Whether you have one employee or hundreds … as their employer, you are responsible for their safety.
Maintaining a safe workplace environment is more than just good business practice — it's the law. Attend this powerful one-day seminar, and discover how to make sure your workplace is safe, secure, and Cal/OSHA compliant.
Some of what you'll learn …
- The latest changes in Cal/OSHA rules and regulations — how will they affect your organization?
- Making sense of Cal/OSHA's confusing language and government "legalese"
- How to assess your organization for potential hazards and act now to eliminate them
- Your written safety plan — what it is, how to create it, and where to find online forms and guidelines to help
- Could your organization pass a Cal/OSHA inspection tomorrow? Here's how to find out
- How to maintain meticulous records that meet Cal/OSHA standards
- Workplace violence — how to spot red flags and keep workers and visitors safe from threats
A Cal/OSHA Primer — Rules, Regulations, the Newest Updates and Information
- Finding, understanding and interpreting the law
- Letters of Interpretation — what they are and how to find them
- Compliance Directives — the #1 insight into what Cal/OSHA inspectors really think a regulation means
- Consultation Service — should you use it? We’ll tell you the pros and cons
- Insurance Carriers — an often overlooked source of FREE services and advice
- How to find your way around: www.dir.ca.gov/occupational_safety and www.osha.gov to quickly get the information you need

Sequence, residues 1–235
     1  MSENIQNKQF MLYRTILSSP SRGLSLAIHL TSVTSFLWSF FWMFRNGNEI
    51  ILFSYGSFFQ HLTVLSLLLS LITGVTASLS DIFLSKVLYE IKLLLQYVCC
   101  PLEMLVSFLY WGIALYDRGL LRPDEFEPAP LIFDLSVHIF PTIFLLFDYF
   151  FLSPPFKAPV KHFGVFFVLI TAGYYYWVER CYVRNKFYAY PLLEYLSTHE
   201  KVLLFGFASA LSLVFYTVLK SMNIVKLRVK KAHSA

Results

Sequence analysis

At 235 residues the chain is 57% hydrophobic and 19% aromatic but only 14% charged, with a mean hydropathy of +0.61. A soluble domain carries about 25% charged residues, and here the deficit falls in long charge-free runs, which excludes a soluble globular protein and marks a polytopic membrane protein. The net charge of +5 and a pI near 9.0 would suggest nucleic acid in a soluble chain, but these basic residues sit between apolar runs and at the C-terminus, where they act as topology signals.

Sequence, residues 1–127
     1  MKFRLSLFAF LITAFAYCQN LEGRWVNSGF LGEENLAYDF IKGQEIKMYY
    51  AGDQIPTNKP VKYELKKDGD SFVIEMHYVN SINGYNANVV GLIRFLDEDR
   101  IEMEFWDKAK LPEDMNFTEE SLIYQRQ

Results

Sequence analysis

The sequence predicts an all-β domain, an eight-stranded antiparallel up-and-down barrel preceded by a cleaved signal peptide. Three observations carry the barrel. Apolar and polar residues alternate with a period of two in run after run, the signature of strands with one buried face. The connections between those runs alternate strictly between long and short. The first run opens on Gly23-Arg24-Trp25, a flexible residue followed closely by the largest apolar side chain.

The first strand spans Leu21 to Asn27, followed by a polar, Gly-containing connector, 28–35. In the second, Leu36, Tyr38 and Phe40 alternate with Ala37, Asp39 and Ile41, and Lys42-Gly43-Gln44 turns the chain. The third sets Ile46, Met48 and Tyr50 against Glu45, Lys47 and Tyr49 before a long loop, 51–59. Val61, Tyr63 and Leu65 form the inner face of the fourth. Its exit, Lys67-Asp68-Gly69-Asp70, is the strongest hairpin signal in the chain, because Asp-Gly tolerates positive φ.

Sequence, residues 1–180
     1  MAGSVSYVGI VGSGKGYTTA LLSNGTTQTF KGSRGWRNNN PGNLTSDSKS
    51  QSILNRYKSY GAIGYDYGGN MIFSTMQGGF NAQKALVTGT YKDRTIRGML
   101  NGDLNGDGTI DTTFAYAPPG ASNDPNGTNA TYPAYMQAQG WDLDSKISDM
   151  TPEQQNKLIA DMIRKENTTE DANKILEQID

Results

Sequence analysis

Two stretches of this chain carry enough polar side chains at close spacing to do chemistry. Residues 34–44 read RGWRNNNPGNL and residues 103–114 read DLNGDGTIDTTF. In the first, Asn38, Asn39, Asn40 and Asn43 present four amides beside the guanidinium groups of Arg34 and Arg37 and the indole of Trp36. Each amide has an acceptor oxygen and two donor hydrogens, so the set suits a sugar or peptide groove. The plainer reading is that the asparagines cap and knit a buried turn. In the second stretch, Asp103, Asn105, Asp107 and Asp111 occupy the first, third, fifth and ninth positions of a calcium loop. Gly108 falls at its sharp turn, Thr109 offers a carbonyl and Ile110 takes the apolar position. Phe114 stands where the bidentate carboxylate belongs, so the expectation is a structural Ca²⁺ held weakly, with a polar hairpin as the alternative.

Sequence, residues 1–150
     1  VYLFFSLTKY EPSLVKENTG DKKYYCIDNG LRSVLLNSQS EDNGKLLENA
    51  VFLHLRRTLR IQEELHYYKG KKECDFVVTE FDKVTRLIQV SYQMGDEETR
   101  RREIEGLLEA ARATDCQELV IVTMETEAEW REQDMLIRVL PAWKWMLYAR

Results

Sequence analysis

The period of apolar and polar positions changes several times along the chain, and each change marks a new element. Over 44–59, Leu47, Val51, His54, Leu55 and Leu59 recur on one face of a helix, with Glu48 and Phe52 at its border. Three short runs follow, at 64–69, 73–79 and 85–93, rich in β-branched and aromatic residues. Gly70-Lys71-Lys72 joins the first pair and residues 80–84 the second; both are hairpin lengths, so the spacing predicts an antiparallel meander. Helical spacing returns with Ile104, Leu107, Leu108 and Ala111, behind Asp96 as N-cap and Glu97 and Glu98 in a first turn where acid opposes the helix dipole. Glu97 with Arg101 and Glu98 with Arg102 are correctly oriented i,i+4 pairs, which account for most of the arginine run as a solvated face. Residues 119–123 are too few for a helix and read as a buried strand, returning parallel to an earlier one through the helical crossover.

- Resources to help you keep up with Cal/OSHA’s newest standards, rules and regulations
- Does the duty to provide a reasonable accommodation to a disabled worker under the Americans With Disabilities Act conflict with Cal/OSHA’s requirements to provide a safe workplace under the General Duty Clause?
- General Duty Clause — the foundation stone of the OSH Act. Learn the critical differences between the federal General Duty Clause and the Cal/OSHA General Duty Clause
Better Safe Than Sorry — Preventative Measures for Ensuring Employee Safety
- What are recognized hazards? Learn to spot and correct them before someone gets injured
- What are willful, serious violations? Which violations are not so serious?
- How to create and use your own Hazard Assessment checklists
- Your written safety plan — what it should include to meet Cal/OSHA standards
- According to Cal/OSHA, are you responsible for the safety of temporary employees? What about third-party contractors? The answers might surprise you!
- The truth about Personal Protective Equipment — find out who’s responsible for paying and overseeing correct usage
- How to communicate your Illness and Injury Prevention Plan to your employees
- The best ways for handling employees who know the safety rules but blatantly disregard them
- Hazardous Chemical Inventory List — find out what needs to be on it and what can be left out
- HAZCOM — Workers have a right to know about hazardous chemicals in their workplace. We’ll tell you how to tell them what they need to know